If you feel any discomfort in your lower back, make sure your abdominals are tight. If this doesn’t help, try using a smaller range of motion or don’t hold the bridge as long as recommended.
Leg lifts: tone the front and back of your thighs and hips, which support the body as the hip joints become more lax toward the end of the pregnancy. Begin on your hands and knees. Start by bringing your left knee forward toward your left shoulder and then in a controlled movement, straighten the left leg out behind you. Repeat 10-15 times. Switch legs and do another 10-15 repetitions with the right leg.
Walking and swimming are both good exercises for toning and strengthening the abdomen, back and legs while also providing a cardiovascular workout. Also include 10 to 15 minutes daily of the following floor exercises that target specific muscles most often used during pregnancy.
Wall squats: work the abdominals, buttocks and thighs muscles to aid in the relief of back pain. When the surrounding muscles are strengthened, less pressure is put on the back muscles.
To perform the wall squats, began by leaning with your back against the wall with your feet shoulder-width apart and two feet out in front of you. Tighten your abdominals and slowly slide down the wall until your thighs are at about a 45° angle, and then straighten your legs, sliding up the wall. Repeat 10-15 times.
Prior to stretching exercises, walk for 5 to 10 minutes to warm up the body and loosen the joints.
Seated hamstring: this is safer than doing it standing to reduce risk of injury due to loss of balance. Begin by sitting on the front edge of the chair with your left knee bent and left foot flat on the floor. Straighten your right knee so that your heel is resting on the floor and your toes are pointing toward the ceiling. Keeping your back straight and your chest up, leaned forward until you begin to feel a stretch in the back of your thighs. However, be careful not to stretch too far, as your joints will be looser during pregnancy and you want to avoid any hip or knee injuries. Hold for 30 seconds and repeat 3-5 times with each leg.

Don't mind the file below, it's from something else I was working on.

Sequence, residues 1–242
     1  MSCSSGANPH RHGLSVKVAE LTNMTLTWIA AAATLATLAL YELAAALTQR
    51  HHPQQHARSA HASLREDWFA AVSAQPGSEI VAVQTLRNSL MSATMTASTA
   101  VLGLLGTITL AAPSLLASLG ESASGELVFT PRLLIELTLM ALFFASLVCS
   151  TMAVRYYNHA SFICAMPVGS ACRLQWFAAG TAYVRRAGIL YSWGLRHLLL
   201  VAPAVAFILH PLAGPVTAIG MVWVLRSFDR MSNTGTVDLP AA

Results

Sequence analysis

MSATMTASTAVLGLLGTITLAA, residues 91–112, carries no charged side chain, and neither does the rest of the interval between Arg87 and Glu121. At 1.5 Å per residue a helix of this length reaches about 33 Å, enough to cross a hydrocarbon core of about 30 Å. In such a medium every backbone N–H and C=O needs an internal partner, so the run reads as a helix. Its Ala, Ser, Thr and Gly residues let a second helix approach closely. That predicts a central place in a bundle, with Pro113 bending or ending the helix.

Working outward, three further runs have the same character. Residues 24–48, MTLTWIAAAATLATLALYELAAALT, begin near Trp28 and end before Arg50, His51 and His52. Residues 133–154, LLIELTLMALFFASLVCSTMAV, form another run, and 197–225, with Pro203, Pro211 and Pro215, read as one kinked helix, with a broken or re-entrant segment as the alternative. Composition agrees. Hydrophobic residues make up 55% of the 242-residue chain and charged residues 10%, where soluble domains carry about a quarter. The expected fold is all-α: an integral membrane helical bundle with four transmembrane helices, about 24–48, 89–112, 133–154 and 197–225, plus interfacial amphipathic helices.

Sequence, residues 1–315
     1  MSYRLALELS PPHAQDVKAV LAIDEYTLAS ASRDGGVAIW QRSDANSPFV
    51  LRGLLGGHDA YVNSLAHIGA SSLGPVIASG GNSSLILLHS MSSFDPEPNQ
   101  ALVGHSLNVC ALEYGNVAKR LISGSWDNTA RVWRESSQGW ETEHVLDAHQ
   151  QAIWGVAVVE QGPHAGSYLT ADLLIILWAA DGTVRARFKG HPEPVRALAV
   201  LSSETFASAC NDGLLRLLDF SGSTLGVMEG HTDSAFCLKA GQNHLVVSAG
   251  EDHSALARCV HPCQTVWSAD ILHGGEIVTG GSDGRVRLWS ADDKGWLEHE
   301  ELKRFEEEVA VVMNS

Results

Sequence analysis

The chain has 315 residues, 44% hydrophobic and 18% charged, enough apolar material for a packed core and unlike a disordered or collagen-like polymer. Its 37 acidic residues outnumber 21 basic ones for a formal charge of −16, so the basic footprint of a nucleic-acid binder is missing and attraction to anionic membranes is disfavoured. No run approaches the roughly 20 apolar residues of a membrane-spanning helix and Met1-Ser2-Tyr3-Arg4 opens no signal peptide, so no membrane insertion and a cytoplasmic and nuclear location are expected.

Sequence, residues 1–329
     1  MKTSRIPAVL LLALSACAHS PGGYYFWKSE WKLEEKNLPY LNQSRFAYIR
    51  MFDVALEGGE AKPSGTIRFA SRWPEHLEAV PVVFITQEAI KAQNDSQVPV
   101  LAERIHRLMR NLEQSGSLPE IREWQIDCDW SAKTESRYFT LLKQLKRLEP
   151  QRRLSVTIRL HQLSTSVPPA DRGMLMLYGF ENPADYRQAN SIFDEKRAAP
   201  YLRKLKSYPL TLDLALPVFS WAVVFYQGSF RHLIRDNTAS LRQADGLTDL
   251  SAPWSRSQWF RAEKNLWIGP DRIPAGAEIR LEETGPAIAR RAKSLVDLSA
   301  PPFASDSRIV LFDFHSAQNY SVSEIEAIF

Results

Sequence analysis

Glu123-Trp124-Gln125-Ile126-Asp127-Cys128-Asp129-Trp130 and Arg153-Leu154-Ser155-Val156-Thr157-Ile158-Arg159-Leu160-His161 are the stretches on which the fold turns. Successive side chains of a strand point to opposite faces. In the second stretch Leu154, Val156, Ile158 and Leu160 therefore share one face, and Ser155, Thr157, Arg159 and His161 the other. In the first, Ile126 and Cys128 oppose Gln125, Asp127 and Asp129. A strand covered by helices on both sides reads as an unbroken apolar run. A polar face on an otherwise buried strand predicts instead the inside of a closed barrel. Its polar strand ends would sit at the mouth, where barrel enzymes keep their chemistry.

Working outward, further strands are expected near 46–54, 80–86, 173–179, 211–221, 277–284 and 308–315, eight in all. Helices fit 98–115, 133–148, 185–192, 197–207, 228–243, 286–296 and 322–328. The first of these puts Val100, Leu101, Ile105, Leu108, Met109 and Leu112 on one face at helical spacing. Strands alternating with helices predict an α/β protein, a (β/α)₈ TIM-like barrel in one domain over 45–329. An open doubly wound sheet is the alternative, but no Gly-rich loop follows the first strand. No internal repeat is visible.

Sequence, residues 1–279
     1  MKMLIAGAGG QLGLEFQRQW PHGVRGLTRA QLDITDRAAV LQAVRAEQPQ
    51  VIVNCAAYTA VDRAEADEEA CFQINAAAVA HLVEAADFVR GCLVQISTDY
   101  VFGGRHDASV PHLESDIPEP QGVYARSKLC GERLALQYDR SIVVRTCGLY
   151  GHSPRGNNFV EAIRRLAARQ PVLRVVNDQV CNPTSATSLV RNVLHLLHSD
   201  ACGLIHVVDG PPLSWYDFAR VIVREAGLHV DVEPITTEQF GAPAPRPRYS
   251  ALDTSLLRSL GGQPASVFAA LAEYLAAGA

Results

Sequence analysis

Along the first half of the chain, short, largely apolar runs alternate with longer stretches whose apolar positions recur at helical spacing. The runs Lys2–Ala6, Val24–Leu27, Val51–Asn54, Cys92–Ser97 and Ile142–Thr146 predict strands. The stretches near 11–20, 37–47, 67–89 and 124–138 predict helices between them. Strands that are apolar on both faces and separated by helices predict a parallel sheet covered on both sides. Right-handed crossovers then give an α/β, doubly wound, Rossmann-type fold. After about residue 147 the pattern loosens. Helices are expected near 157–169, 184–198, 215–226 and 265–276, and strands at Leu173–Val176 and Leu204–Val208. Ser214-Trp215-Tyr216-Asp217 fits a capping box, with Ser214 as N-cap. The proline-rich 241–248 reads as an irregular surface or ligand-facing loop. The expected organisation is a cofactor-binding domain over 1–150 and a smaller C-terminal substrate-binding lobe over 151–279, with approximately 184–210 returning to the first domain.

Backward Stretch: the backward stretch or modified child pose stretches your lower back, hips and thighs. Begin with your hands and knees on the floor. Place your arms directly under your shoulders and keep your arms straight. Slowly move your hips backward until you are sitting on your heels and your head is between your arms near the floor. Make sure your knees are wide enough to make room for your stomach. Keep your arms extended and let your forehead rest on the floor. Breath deeply as you hold for 30 seconds. Return to your starting position and relax. Repeat 3-5 times.
Quadriceps stretch: stretches the muscles in the front of the thigh. Begin by standing next to a counter or something solid that you can hold onto for balance. While contracting your abdominal muscles and doing a posterior pelvic tilt, hold on to the counter with your left hand. Stand on your right leg with the knee slightly bent. Reach around behind you with your right hand and grab your left ankle and pull your heel toward the opposite buttock until you feel a stretch in the front of your left thigh. Hold for 30 seconds and repeat 3-5 times with each leg.
Calf stretch: stretches the muscles in the back of the lower leg. Begin by facing a wall, in a stride stance so that one foot is further out in front of the other. Place your hands on the wall. Keep being the back legs straight with your heel flat on the ground, bend the front knee and leaned forward toward the wall until you feel a stretch in the calf of the back leg. Hold for 30 seconds and repeat 3-5 times with each leg.